Thirdly, the number of patents and Nobel prizes.

The number of patents and Nobel prizes reflects the quality of researches in science and technology. Until 2015, the five countries with the highest number of Nobel Prizes in the world were all Western countries led by the United States with 336 Nobel Prizes at the first place, followed by the UK, Germany, France and Switzerland. Russia and Japan ranked the 6th and the 7th on the list [6]. Regarding the number of patents for science and technology, the United States, Japan and France are the top three countries with the number of patents accounting for 40%, 27% and 11% of the total inventions. China is recognised as an active inventor, but it is not on the list, possibly because the country focused on its domestic market first, so it does not pay enough attention to global and pioneering factors [10].

Therefore, in this period, although China has strongly invested in science and technology, its achievements are still limited in comparison to the Western developed countries as well as Asian countries like Japan and South Korea. However, it cannot be denied that although the United States, Japan and the EU are still regarded as the leading powers in science and technology today, they no longer dominate the technology ground as they did during the Cold War and the first decade of the 21st century because of the rises of potential eastern powers. 

5. Relative nonmaterial capabilities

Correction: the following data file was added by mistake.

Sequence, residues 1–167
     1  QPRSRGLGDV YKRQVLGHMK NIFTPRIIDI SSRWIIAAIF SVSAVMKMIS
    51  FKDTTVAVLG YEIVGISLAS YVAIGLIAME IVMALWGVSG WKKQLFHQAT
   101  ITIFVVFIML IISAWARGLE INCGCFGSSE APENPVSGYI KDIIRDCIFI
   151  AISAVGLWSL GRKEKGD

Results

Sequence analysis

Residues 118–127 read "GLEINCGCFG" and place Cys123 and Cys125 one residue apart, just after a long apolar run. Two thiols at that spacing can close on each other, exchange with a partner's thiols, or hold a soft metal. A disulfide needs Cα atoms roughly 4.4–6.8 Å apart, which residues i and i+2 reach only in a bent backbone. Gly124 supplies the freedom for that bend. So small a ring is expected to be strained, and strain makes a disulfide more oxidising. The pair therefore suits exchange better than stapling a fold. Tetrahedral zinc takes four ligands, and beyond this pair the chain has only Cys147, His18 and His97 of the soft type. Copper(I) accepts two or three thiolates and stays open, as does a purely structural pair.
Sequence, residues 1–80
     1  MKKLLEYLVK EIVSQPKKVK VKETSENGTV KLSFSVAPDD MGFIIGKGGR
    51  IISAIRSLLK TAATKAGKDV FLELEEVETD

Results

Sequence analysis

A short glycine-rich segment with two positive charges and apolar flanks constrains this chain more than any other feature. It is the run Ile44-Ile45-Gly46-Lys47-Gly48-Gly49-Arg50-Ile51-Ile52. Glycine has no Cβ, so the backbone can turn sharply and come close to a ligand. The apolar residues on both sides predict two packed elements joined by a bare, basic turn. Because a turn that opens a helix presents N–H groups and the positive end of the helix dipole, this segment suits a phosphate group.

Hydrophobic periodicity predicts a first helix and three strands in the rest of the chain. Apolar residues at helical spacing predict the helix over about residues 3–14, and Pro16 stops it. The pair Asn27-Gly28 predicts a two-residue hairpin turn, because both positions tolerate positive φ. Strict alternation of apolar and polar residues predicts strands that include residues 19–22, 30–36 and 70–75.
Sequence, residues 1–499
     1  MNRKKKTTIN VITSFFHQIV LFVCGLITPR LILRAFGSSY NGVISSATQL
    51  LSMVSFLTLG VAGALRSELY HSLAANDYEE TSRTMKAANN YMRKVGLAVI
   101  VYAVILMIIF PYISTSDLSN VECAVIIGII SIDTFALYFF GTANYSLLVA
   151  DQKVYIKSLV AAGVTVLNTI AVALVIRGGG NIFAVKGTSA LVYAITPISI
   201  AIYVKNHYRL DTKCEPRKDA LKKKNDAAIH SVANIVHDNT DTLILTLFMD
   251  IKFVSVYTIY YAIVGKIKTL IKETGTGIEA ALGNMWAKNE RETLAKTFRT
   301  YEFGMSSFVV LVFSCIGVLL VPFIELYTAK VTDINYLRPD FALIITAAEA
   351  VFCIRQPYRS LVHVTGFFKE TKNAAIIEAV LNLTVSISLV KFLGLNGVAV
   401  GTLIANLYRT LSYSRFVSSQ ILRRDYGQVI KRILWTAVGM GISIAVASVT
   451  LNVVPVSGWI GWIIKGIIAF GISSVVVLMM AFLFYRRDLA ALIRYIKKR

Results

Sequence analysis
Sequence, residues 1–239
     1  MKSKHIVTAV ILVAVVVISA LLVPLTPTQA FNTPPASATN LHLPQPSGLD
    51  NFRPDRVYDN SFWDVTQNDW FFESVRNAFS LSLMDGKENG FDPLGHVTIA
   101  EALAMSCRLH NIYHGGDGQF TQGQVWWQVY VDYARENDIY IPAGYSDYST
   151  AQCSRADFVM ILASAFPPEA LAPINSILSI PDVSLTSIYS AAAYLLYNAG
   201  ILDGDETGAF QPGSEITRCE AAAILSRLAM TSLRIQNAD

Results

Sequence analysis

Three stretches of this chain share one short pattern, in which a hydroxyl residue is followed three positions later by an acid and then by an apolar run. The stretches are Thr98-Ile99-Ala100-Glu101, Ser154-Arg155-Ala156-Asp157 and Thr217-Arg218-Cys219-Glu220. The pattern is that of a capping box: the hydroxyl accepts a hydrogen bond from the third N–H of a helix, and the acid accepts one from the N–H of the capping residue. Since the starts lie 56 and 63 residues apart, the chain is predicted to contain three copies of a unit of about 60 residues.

Firstly, ideological values.

After the end of the Cold War, ideological values including liberty, democracy, and human rights were strongly promoted along with intervention policies of the United States and the West. Since the end of the Cold War, along with the collapse of the Soviet Union, there has been a decline in the attractiveness of the socialist ideology while there is no ideology having the ability to become the counter balance with American and Western ideological values, especially in the last decade of the 20th century.

Entering the early years of the 21st century, the security implications of intervention policies implemented by the United States and the West caused a wave of anti-Americanism and made the public opinion suspicious of their values of freedom, democracy and human rights. Above all, the market economy has developed to the phase in which it exposed the dark sides such as inequality and the increasing social classification. On the other hand, the miraculous growth of China's economy and Russia's recovery in the early 21st century have attracted the world's attention to other successful development models than those of the United States and the West. This was also an opportunity for China to diffuse its ideological values. It has been more than four decades since Deng Xiaoping initiated his reform and open policy, and launched a development model that Joshua Cooper Ramos called the "Beijing Consensus" - a development model that is a counterweight of the Washington Consensus. In recent years, this model has been considered. Although these two development models are still controversial, it is undeniable that in the 21st century, there is another influential theoretical model of development besides the Washington Consensus which was prevalent since the early 1990s.